First of all they were devoted to the apostles' teaching. The people in the early Church committed themselves to be Bible people. By joining the Church they were enrolling in God's University. That meant they were submitting to authority in their life. They were agreeing to be students under a teacher.
When you become a member of a Church you are committing to the same. You are enrolling in the class that meets regularly in this building, taught by Elders of this Church. You are saying teach me, guide me, help me know more about the immeasurable riches of Jesus Christ. This is a hard thing for many people to do, because it requires humility. For you are saying that when I am wrong, you need to correct me, you need to admonish and rebuke.
The word we use in Church lingo is accountability. Unfortunately, in many Churches accountability has gone out the window, with the rest of the Bible. But this is one major aspect of Church, teaching people to think and live in a way that is consistent to who you are in Christ. I think it is interesting that the only other time Jesus talks about the Church, he talks about Church discipline. He does this in Matthew 18. He says that if a person is sinning and they won't repent after one person confronts them, and they won't repent after a small group confronts them, the the matter must go before the Church and if they still won't repent, then the Church is required to kick them out. Once again, when you become a Church member, you are telling a local body of believes to help be Christ-like, even to the extent of Church discipline.
Second, we see them devoted to fellowship. The early Church was together. Verse 46 says they were together every single day. The shared not only a common interest in Christ, but they shared themselves. They literally sold their stuff, so they could give to to others in the Church. This was a group of people who deeply cared for each other. Doesn't it sound awesome? Unfortunately, for many Churches, this is not the picture. Churches are regularly plagued with apathy. People show up late and rush out early. Some people go weeks, and sometimes months without coming to Church. Very few people every socialize with others in your Church, perhaps you will invite you neighbors over, or your co-workers, but someone at Church? No thanks.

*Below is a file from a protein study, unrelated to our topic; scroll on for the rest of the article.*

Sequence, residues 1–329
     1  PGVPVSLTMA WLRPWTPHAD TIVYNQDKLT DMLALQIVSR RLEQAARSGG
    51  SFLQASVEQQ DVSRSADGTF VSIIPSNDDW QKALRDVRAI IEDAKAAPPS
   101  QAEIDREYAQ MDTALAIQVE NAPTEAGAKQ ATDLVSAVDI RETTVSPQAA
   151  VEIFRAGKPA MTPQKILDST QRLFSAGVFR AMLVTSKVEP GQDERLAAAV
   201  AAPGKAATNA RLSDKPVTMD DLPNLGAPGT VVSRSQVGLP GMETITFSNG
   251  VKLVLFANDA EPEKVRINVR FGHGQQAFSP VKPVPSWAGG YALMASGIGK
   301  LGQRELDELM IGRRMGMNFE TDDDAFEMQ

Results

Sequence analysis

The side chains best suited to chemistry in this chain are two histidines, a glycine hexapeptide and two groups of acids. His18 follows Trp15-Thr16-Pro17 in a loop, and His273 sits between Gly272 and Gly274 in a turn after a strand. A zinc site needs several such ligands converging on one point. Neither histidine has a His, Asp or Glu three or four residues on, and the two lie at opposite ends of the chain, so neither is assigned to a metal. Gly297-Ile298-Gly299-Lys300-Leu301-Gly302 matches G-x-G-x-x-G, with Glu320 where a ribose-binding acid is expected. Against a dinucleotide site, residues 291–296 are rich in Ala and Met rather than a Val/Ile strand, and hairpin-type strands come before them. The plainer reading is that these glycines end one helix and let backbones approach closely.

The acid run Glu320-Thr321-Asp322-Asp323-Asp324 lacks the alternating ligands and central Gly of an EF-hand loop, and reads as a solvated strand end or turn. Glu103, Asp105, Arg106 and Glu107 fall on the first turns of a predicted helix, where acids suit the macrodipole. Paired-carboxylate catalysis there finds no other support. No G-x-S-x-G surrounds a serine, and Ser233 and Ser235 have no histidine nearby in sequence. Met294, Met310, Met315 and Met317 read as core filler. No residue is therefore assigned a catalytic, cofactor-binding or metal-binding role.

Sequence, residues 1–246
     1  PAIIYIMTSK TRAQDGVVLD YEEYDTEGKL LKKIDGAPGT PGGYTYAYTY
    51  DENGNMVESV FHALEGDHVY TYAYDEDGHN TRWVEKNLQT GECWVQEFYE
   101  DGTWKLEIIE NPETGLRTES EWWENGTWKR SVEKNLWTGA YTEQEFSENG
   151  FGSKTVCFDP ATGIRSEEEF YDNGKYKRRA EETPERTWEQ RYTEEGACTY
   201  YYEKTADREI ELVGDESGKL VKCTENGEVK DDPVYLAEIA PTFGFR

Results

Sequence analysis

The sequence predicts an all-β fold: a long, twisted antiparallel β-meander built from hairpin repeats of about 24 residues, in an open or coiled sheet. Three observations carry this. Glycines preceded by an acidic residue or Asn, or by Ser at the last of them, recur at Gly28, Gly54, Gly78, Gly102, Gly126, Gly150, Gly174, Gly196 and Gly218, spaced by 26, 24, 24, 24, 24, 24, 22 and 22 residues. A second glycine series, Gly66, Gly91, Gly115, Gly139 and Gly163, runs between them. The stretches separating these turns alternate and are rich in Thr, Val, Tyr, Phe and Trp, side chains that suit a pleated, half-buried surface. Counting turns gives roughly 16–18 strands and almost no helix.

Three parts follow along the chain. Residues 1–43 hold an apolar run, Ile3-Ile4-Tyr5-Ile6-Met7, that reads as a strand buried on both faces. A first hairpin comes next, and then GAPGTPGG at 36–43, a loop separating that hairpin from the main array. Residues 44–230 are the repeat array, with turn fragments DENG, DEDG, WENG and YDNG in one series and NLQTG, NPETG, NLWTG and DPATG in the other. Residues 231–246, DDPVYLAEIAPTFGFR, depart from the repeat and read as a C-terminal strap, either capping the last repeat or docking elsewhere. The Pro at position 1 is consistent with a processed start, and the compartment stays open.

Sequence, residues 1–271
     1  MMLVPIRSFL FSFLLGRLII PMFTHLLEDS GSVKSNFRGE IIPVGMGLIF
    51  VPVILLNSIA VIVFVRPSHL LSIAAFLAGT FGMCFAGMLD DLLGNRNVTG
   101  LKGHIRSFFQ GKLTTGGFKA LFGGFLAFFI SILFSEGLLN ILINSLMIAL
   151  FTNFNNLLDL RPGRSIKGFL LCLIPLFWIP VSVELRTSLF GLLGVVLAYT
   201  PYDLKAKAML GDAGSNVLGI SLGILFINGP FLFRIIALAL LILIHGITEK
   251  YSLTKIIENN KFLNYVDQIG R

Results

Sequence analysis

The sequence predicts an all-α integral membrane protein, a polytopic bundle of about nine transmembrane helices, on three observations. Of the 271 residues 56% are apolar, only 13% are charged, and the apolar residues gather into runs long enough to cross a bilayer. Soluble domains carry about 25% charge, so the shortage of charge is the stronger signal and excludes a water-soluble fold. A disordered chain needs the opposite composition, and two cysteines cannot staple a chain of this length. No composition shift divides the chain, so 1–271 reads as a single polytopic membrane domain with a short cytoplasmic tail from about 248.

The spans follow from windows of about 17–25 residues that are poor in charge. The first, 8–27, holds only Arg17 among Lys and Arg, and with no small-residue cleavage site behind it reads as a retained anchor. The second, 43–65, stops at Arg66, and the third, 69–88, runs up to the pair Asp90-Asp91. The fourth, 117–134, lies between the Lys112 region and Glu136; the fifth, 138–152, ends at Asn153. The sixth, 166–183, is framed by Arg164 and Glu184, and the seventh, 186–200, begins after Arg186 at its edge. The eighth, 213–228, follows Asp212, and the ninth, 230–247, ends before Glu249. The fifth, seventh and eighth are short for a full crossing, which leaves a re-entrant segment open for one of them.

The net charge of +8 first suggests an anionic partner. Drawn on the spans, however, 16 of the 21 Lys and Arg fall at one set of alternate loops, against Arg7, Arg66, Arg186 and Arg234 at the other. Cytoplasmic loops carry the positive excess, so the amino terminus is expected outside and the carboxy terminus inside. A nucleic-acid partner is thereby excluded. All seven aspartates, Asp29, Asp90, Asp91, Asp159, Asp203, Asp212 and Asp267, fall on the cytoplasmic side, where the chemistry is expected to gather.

Third, we see prayers. How many of you are praying for this Church? Why not? Because you are not committed to a people, you are instead committed to a schedule. Church is about Sunday morning, it is not about the faces you see. When we look around this room you should not see acquaintances, you should see your brothers and sisters. This is your family. Pray for them. This is another thing we see in the life of Christ. He prayed for his flock; early in the morning and late at night. Praying for their protection. We must do the same. Once again, when you commit yourself to a local Church you are saying that I will pray for you. I care for you. I want the best for you. I love you.
Becoming a Church member is so much more than than a title. It is so much more than a certificate. It is so much more than a line on a resume. It is devotion to pursing an awesome God with those you love.
Acts 2 as it relates to membership is just the tip of the iceberg. Becoming a Church member is about using your gifts that were given to you by God to build up and encourage the body of Christ. Being a member is about crying and rejoicing. Being a Church member is about rebuking and admonishing. Being a Church member is about being a family. A Christ-exulting, Bible believing, devoted family. Doesn't that sound good? I hope it does, and I hope all of you see that Church membership is not about committing to an institution, but to a people.